Divers that like additional diversity may also consider diving in the protected reefs of the southern Costa Maya in the Xcalak Reef National Park. By car Xcalak can be reached from Casa del Cielo de las Estrellas in about 30 minutes. A reputable dive operator in Xcalak is the XTC dive center ( http://www.xtcdivecenter.com ). XTC is the only operator that offers boat rides to San Pedro, Ambegris Caye, Belize. This is a one day tour. In San Pedro you need to book a local operator for diving one of the well-known Ambegris Caye sites (Hol Chan marine reserve, etc.).


Where and when to snorkel

The immediate area in front of Casa del Cielo de las Estrellas offers arguably the most beautiful snorkeling sites along the whole Mahahual coast. On the wave-protected side of the barrier reef (2-300 m out) large coral heads and coral aggregations form a very pretty underwater park (see snorkeling pictures under Gallery). About 300 m south-east from our beach a channel through the barrier reef allows safe passage and exploring the other side of the reef (about 20 feet drop off with some phantastic coral formations). The variety and abundance of reef fish and creatures is very good, but at each specific site this can change depending on the time of the day. The best time for snorkeling is between 10 am and 3 pm, which also offers the best light conditions.

We built “our” own artificial reef just 30 m from the beach that is teaming of beautiful fish and reef creatures. Also some very nice small life coral heads can be explored very close to our beach (see map). 

The library in our house contains several identification guides for reef fish and reef creatures.  Identifying and discussing encountered fish with friends and family can be a great pastime after a long day of snorkeling.

Normally, especially during the calmer Summer months, the water is crystal clear. On stormy days visibility is impacted in the proximity of the beach, but usually remains good at the wave-protected large coral formations on the beach side of the reef (see map).

If you are an enthusiastic (and adventurous) snorkeler, bring underwater lamps and try a night snorkeling trip. After dark, very close to the beach, you will encounter astonishing numbers of fish and reef creatures that you virtually never see during the day (moray eels, flying gurnard, octopuses, squids, snails and conches, hermit crabs, sea cucumbers, sea urchins, etc.). Day-active fish, even very big specimens, don't flee and can be approached very closely.

Snorkeling safety tips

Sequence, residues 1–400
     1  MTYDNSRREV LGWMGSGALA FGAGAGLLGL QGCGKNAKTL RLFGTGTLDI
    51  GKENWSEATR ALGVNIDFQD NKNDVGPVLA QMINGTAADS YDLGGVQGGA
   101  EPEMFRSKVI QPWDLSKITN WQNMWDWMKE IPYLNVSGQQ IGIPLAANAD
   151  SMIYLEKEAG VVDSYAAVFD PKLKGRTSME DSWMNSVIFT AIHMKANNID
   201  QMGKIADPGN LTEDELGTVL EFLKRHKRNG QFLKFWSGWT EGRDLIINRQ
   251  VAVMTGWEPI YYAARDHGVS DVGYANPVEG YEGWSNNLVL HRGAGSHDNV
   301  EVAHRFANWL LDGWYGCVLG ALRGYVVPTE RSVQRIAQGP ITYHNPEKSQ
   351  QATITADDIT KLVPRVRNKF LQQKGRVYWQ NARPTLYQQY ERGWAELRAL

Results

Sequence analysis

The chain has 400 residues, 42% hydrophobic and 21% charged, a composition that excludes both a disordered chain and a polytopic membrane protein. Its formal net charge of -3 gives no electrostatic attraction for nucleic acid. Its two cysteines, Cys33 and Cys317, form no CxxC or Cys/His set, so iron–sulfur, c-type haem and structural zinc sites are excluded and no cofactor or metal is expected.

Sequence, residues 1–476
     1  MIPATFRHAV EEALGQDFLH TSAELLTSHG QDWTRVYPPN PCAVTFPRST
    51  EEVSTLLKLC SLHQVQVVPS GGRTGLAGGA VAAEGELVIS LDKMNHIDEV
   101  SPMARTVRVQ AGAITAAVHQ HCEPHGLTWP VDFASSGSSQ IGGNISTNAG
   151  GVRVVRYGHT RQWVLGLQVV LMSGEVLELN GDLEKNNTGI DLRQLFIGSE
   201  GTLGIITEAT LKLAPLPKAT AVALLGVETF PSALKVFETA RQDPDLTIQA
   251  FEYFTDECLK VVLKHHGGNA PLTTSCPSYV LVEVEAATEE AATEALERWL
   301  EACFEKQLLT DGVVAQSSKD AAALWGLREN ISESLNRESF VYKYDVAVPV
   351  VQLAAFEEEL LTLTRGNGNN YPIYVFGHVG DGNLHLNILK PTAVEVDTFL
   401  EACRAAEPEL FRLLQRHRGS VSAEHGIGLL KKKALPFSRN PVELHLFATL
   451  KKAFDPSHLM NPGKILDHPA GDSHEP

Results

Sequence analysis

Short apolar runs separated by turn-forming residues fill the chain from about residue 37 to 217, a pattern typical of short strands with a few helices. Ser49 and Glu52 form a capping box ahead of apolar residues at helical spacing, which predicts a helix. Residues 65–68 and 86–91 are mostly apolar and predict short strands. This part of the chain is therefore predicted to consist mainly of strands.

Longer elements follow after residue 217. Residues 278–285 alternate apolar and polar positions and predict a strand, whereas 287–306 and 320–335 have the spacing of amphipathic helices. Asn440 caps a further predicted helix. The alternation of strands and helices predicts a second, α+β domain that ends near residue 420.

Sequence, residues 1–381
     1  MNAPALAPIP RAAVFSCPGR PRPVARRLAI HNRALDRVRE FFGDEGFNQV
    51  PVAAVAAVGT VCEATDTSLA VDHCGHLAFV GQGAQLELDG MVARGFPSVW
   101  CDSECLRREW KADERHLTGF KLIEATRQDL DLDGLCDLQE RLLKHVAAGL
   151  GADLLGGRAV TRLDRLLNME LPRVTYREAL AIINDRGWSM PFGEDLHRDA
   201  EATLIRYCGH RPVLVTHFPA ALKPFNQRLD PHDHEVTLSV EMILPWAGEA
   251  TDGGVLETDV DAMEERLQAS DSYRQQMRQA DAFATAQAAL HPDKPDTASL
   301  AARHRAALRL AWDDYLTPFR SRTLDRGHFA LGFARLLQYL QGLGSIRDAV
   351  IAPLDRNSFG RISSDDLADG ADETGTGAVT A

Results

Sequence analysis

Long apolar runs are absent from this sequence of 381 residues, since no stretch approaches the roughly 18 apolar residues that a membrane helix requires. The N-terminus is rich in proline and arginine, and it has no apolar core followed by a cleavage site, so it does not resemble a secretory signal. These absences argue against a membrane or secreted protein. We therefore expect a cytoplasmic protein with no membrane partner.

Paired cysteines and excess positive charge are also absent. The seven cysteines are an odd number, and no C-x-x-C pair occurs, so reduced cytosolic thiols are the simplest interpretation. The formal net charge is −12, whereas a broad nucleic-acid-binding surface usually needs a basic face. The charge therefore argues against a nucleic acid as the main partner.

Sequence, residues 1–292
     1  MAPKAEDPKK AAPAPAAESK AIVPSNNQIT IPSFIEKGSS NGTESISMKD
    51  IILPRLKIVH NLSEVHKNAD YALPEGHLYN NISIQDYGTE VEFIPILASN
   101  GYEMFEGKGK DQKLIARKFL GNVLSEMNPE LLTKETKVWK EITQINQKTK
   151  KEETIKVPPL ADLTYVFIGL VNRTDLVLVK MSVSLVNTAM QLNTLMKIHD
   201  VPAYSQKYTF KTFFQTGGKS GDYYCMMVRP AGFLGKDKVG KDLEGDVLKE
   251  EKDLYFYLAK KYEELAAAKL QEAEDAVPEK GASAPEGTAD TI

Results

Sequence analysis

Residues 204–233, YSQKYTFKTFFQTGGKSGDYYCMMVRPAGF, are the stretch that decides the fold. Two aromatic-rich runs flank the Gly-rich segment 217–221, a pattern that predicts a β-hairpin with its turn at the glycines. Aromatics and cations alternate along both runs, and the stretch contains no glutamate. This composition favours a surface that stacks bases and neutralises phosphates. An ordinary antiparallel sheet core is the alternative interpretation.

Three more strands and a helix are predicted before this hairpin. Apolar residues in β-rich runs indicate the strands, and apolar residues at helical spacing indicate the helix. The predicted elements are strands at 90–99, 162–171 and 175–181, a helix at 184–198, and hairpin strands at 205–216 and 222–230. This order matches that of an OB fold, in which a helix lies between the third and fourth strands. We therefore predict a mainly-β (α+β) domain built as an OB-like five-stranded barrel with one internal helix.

To access snorkeling sites on the sea-side drop off of the reef, for safe passage of the barrier reef, swim along the channels indicated in the map. Don’t use the kayaks to pass the reef at these channels, because you may not see underwater obstacles or misjudge the water depth. NEVER try to pass the reef in other areas or to walk over exposed parts of the reef! Aside from the damage you may cause to living corals, a breaking wave could smash you with high force into the coral rock formations. This can happen on a seemingly calm day. The consequences could be dangerous, even fatal.

Snorkeling will expose your skin to sun radiation. The water filters only a small percentage of the UV light and, if unprotected, trips as short as 30 minutes can result in very severe sun burns.  A simple remedy is wearing a T-shirt and to apply to exposed skin an oil-free, waterproof sun blocker with a protection factor of at least 40 SPF.

Virtually all life corals (rock corals, fan corals, soft corals) have the ability to cause skin irritations or rashes if your skin comes in contact with them. The general rule therefore is to never touch anything and to keep a safe distance to coral formations.

Species of stinging jellyfish are uncommon in our area and we never had (or have heard about) an unpleasant encounter. After a storm you may find a Portuguese Man-Of-War washed ashore. This is a very pretty but toxic jellyfish easily recognized by its gas-filled float. Don’t touch it! Even dead, they can sting!  During favorable weather conditions in springtime (March-April) a small brownish jelly fish, the Sea Thimble, can appear in swarms. While itself fairly innocuous, the larvae of this jelly fish are mildly toxic and seem to accompany swarms of adults. They are called by the locals “Pica-Pica” for a reason: they can cause rashes to sensitive skin. Therefore, if possible, we recommend to avoid snorkeling during (rare) blooms of this tiny jelly fish. Any swarming period lasts only a day or two and you may have sufficient chances on other days to fill your “quota” of enjoyable snorkeling trips during your stay.

Don’t be concerned about sharks. Dangerous shark species do not inhabit the area between beach and reef. Overfishing has resulted in a sharp decline of shark populations everywhere in the Caribbean. They are very rare even in open water outside of the reef. In 15 years I have seen sharks only twice while snorkeling (sea side of reef). If you come upon a shark in the reef it will be almost certainly the harmless Nurse Shark.

You will occasionally encounter several other large fish species while snorkeling: Eagle Rays, Parrot Fish, Tarpoons and Barracudas. They are all harmless. Murray Eels, Electric Rays and Sting Rays can be approached very closely: Never try to touch them as they can inflict painful bites, electric shocks or stings! Recently, there have been many sightings of Lion fish, an invasive species from the South Pacific that unfortunately has been spreading into the Costa Maya reefs. While very beautiful, it has venomous spines in its fins. It is not aggressive– Still keep a save distance!

Snorkeling gear

Some free to use snorkeling gear (masks, snorkels, fins) is in the house.